February 16, 2022

No vacancy: what fixing supply chain issues will mean for Northern housing

wood framing of a house under construction with blue sky background and bright sun centred

By Evergreen

The Housing Supply Challenge – with $80 million in funding available – seeks solutions to the unique housing barriers faced by residents in northern and remote regions

Most of us probably don’t think twice about ordering a bathtub or a new door when we need to fix something in our house. But if you live in the North, getting supplies isn’t that simple: not only do you pay exorbitant shipping fees, it can take months for items to arrive.

That has always been the reality for residents of Canada’s northern regions – for everything from packages ordered online to construction supplies. Pandemic-related slowdowns have made supply chain challenges more severe, and lack of access to building materials is further strapping the region’s inadequate housing.

Housing in the North is expensive and scarce, and what is available is often unsafe and in poor condition. In fact, almost half of households in the Northwest Territories, for example, reported housing problems related to adequacy, affordability and suitability. Not having access to building materials makes it difficult to maintain existing housing – and next to impossible to build anything new. There are shortages across all housing types, but rentals and affordable housing are particularly hard-hit.

Exorbitant prices for unsafe, poorly maintained properties

Brittney Bessette, a young mom living in Yellowknife, has struggled to find safe affordable housing for her family. As a member of the Housing Supply Challenge Support Program Advisory Committee, she hopes the Housing Supply Challenge will help bring better housing options to her community.

“It’s hard to get a place in Yellowknife,” she says. “Everything is really expensive, $2,500 for a two-bedroom, $3,000 for a townhouse. If you have a minimum wage job that’s not nearly enough. And even if you do manage to get a place, the buildings are terrible. They aren’t safe or properly maintained.

Drug deals, violence, graffiti and frequent police visits are a daily reality. Brittney says a single company owns most of the rentals in Yellowknife. They set high prices, despite the poor conditions and safety issues, and don’t take care of the buildings. Frequent fires mean she and her baby are forced to wait outside in freezing temperatures during fire alarms.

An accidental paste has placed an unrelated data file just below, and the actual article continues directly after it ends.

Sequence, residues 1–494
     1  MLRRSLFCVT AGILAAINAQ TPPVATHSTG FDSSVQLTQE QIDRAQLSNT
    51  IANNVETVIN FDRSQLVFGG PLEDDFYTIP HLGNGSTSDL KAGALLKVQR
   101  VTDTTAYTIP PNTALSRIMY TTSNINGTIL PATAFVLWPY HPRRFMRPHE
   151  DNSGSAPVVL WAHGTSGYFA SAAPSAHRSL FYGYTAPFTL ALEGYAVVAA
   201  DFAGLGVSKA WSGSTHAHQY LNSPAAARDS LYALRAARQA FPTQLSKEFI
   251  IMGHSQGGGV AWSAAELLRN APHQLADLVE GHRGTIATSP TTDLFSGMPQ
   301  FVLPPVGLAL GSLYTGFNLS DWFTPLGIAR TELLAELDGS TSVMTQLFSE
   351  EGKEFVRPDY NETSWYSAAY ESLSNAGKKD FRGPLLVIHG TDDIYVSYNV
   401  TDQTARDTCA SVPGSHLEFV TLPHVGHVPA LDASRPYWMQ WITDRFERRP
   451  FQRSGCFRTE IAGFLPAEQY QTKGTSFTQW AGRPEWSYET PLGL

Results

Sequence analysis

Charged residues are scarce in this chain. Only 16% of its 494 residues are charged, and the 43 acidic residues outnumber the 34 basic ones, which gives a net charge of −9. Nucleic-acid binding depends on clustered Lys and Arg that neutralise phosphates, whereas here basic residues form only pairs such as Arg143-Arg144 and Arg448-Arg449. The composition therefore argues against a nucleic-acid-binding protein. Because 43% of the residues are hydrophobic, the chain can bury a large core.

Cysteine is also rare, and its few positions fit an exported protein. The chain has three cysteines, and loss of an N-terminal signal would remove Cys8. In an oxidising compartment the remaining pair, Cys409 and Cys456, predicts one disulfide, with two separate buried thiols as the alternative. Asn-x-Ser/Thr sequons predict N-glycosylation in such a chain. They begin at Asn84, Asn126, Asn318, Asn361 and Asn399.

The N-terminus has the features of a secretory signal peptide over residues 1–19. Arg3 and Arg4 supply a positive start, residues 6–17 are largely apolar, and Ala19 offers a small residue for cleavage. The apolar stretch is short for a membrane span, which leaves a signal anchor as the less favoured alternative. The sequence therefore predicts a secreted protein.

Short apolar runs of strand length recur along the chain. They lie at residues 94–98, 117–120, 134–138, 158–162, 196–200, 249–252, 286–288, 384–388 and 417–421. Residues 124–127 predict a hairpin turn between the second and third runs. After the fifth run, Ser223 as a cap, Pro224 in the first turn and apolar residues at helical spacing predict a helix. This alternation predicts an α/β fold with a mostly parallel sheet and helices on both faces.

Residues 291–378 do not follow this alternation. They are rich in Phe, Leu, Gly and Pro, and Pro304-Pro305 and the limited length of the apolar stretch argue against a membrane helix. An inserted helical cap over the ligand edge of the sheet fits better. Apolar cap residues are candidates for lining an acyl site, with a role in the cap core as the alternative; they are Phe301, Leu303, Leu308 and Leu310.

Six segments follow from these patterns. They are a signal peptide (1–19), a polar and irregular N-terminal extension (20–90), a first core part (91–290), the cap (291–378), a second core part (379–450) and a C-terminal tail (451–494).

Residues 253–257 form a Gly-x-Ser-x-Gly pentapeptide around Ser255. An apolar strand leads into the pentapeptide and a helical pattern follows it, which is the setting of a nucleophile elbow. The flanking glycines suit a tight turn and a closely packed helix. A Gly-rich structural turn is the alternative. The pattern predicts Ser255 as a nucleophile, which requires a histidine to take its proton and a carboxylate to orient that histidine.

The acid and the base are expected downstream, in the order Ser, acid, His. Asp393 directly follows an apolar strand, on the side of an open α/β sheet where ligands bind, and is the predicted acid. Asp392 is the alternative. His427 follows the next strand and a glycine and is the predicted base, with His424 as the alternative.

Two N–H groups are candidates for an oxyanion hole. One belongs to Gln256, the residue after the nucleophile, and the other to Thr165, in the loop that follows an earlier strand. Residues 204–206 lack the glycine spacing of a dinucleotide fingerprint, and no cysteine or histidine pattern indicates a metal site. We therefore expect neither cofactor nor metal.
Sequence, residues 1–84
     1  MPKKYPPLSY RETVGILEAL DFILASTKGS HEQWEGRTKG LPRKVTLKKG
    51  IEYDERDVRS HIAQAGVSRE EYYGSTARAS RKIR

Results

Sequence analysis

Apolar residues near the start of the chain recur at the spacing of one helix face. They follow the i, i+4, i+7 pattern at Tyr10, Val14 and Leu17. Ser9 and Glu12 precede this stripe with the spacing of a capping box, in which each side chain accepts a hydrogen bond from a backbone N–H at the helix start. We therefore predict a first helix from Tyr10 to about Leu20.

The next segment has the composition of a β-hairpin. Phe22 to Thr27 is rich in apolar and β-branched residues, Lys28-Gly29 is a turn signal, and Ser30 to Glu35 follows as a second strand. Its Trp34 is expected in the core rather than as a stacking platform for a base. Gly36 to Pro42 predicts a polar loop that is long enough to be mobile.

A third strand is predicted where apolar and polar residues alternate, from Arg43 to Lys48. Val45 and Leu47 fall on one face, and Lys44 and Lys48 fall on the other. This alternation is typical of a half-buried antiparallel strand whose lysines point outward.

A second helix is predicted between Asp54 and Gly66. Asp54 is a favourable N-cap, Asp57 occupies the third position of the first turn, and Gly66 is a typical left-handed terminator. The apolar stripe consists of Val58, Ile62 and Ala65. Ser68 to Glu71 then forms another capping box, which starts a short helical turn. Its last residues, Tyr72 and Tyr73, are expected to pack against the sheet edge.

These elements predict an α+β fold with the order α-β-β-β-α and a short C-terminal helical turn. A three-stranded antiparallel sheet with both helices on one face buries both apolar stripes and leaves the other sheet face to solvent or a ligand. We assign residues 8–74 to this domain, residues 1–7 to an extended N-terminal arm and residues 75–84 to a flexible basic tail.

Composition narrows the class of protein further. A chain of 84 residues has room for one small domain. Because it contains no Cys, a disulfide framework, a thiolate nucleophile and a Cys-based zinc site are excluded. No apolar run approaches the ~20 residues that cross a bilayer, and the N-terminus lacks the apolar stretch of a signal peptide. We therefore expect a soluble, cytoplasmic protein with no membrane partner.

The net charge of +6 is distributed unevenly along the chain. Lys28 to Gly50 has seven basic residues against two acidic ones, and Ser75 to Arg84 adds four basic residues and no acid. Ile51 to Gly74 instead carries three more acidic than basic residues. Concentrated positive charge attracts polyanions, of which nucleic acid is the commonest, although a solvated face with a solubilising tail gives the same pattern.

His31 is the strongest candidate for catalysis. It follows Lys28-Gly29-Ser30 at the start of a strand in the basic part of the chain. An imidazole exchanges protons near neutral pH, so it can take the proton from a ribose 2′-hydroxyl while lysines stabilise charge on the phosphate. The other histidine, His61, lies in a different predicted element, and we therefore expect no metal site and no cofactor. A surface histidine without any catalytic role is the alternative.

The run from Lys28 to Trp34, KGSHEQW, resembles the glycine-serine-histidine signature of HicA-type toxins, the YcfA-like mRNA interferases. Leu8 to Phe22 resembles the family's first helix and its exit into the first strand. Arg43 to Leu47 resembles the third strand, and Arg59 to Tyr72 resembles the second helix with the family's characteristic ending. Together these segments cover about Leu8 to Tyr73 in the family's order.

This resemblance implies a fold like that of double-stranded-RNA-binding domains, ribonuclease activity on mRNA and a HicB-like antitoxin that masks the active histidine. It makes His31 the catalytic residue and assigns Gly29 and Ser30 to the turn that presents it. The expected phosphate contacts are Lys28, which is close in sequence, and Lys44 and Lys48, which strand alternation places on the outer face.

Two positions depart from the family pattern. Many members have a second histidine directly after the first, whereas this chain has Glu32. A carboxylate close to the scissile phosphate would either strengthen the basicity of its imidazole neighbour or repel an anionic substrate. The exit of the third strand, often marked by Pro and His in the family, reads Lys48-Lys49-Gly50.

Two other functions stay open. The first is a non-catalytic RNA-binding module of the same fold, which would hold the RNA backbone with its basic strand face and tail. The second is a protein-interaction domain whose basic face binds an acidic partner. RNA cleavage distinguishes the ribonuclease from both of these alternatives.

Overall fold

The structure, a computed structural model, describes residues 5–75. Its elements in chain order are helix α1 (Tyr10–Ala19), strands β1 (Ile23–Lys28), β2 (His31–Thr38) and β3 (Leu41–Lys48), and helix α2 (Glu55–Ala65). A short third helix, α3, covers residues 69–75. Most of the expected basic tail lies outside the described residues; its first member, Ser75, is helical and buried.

Two buildings in the city burned down in the last couple of years, taking close to 100 units off an already tight rental market, and Brittney says there are no plans to replace them. As a result, homelessness is a problem for many, and creative solutions, from couch surfing to home sharing, are a necessity. Brittney knows of a two-bedroom apartment shared by seven people: they take turns living there between shifts at a mine in a fly-in community nearby. The lack of housing is particularly tough on youth, who are hardest hit by affordability factors.

We need better access to building supplies

Tammy Roberts sees that impact on Yellowknife youth every day. She is Executive Director of Home Base Yellowknife, a non-profit that offers housing support to at-risk youth. Recently, Home Base bought a small apartment complex and have been fixing it up to offer youth safe, affordable places to live. They also purchased an adjacent lot with plans to build more housing. But supply chain challenges make renovations painfully slow – and building something new a pipe dream.

“Supplies are expensive and incredibly hard to get,” says Tammy. “We ordered exterior doors in October and they came in January. A new bathtub takes three months to ship and costs $1,700, and prices on wood are astronomical. Ordering larger items from places like Amazon or Ikea isn’t an option: as soon as I put in my postal code, it’s game over.”

Another challenge Tammy notes is getting people in to do the work: the pandemic backlog means contractors have waitlists of six months or more. And hiring “from away” isn’t an option because there’s nowhere for workers to live. So the Home Base team are doing what they can themselves as they wait for supplies and skilled help. But other communities face even greater challenges.

“Yellowknife is actually accessible,” says Tammy. “Imagine what the remote and fly-in communities across the North are experiencing.”

Looking for innovative solutions 

While buying and refurbishing housing stock is one small solution to the housing crisis, Tammy has seen other approaches, such as prefab and tiny homes, grow in popularity. But more ideas are needed to get the North the housing it needs.

The Housing Supply Challenge, delivered by the CMHC, aims to find those ideas. With up to $80M in funding available, the Northern Access Round: Supply Chain Solutions for Northern and Remote Housing encourages everyone from local residents to non-profit and for-profit organizations to propose  solutions that improve the efficiency of the supply chain, infrastructure, and/or transportation in northern and remote regions to make building and maintaining housing more affordable.

The Housing Supply Challenge Support Program, led by Evergreen, supports potential applicants with guidance, mentorship and resources to help develop their submissions.

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